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I accept with joy. December 1, 2014

Posted by ourfriendben in Reiki, Reiki exercise, Reiki wisdom.
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“Whatever I am offered in devotion with a pure heart—a leaf, a flower, fruit, or water—I accept with joy.”

—Bhagavad Gita

I love the images that spring to mind when I read this passage—a leaf holding a single drop of water, a bowl of water with a leaf, flower, or even petal floating on the surface, a perfect cluster of grapes or a ripe apricot set off by a handful of sparkling cherries. The simple yet colorful offerings are so delightful that it makes it easy to overlook the other two aspects of this passage, the pure offering and the joyful receiver.

The Gita makes it quite plain that the receiver doesn’t need to be overwhelmed with offerings, that a small gift offered with a pure heart brings as much joy to the recipient as a castle overflowing with gold and jewels. More, to my mind. Gold and jewels can never be fresh like a dewdrop on a leaf or a plate of ripe fruit.

In this case, the receiver of the offering is clearly the Lord. But it needn’t be. It could be you, or the Lord in you. In either case, it’s up to you to recognize the offering and accept with joy. Once you start this practice, looking for small, even hidden, jewel-like offerings and accepting them with joy, you’ll start to find more and more of them.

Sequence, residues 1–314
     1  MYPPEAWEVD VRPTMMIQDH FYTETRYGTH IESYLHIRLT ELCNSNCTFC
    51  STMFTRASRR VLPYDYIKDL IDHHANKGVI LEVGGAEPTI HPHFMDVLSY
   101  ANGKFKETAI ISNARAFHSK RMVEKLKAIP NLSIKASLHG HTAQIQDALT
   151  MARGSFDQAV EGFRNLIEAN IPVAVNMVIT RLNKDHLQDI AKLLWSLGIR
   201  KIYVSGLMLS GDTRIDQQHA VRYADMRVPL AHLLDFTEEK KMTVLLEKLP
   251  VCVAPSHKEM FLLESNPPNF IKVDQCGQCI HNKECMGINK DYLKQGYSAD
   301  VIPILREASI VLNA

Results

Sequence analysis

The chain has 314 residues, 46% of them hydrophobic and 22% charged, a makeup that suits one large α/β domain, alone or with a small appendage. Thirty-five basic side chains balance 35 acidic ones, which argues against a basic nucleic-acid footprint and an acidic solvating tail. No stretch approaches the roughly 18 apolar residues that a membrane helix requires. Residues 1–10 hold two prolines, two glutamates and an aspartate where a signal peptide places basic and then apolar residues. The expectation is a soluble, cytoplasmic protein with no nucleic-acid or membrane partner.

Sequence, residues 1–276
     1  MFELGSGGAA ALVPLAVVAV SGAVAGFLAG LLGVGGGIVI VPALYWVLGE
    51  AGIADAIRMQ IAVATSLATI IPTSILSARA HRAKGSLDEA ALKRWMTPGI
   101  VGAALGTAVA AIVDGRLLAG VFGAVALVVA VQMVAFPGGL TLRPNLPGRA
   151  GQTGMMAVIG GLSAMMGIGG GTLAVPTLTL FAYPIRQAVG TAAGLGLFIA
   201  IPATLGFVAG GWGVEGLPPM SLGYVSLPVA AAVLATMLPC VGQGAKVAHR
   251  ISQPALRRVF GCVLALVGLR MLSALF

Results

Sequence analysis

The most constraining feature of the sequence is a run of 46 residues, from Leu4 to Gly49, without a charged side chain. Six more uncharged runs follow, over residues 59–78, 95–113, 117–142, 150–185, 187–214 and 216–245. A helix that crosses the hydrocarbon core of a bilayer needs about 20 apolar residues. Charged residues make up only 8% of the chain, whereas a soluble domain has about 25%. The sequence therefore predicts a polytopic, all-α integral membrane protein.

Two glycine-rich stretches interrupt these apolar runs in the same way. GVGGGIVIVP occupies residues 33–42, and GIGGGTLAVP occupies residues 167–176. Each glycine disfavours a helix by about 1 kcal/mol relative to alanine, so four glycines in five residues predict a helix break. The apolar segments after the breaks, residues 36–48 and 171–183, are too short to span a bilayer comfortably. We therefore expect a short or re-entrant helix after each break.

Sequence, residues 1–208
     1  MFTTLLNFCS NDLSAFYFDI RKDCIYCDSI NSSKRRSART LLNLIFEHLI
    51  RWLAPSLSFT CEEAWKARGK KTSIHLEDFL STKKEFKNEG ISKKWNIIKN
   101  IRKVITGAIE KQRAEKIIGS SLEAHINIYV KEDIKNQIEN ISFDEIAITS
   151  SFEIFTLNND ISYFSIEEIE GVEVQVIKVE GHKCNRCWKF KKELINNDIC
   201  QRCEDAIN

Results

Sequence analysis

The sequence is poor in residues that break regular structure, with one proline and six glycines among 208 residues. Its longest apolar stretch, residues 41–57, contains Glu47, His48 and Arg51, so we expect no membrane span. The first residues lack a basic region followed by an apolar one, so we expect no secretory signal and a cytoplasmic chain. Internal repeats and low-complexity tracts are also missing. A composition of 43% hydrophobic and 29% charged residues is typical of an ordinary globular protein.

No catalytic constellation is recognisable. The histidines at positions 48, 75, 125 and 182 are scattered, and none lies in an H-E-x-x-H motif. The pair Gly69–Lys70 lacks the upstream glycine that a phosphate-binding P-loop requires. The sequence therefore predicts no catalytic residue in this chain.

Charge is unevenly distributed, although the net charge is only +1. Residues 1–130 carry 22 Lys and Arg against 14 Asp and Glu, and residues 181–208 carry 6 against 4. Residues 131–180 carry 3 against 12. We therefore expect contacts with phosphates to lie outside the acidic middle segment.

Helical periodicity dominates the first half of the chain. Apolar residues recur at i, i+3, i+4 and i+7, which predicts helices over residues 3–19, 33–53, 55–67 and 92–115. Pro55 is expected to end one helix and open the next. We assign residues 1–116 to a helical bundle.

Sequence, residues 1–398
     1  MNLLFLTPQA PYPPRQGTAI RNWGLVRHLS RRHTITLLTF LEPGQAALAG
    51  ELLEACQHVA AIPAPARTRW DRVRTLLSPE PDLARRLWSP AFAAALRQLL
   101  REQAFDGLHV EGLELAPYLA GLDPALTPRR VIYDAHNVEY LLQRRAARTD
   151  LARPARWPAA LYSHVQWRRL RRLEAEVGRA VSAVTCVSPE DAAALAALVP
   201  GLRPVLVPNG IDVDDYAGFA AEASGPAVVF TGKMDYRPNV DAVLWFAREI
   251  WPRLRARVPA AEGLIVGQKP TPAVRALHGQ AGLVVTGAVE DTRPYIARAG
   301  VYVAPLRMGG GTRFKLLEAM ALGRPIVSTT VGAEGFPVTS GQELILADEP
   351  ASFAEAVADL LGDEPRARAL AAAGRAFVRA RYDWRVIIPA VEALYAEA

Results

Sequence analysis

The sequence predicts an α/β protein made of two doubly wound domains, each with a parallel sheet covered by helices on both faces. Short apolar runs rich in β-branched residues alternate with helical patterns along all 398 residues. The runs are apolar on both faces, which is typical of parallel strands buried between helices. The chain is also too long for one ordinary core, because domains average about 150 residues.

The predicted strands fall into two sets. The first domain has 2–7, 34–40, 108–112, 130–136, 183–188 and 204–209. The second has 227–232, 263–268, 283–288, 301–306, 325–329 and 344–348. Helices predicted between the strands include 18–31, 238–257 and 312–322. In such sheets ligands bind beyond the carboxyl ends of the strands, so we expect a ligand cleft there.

Just the other day, I received a package from an old friend with the most wonderful gift inside. But let me backtrack a minute first. You know how the Dalai Lama’s monks travel the U.S. trying to raise awareness of Tibet’s plight? Well, as part of their presentations, they typically will perform traditional Tibetan arts. A few years ago, the monks from the Drepung Loseling Monastery came to a town not far from me, and a friend and I went to see them perform traditional Tibetan dances (which were wonderful).

Later in the week, they were going to create one of the fabulous sandpaintings for which they’re renowned. Made of numerous brilliantly colored sands, these take days to create, and when they’re finished, they look like elaborate tapestry mandalas. After performing the closing rituals, the monks sweep all the sands together, leaving nothing of the sand mandala. A truly ephemeral art!

I wasn’t able to get back for any part of the sandpainting process, which made me very sad. But, unbeknownst to me, another friend did go. Getting back to my story, the package I received contained a lovely mandala to hang anywhere. But what really delighted me was that it also contained a small package of sand from the monks’ mandala! The sand is very fine, but if you move the little packet, you can just discern the many colors.

To me, this was a treasure. And certainly, my friend was offering it with a pure heart. I accepted it with joy! The lesson for me was that sometimes, simply allowing yourself to accept with a joyful heart can be every bit as important as making an offering.

Just for today, be grateful.

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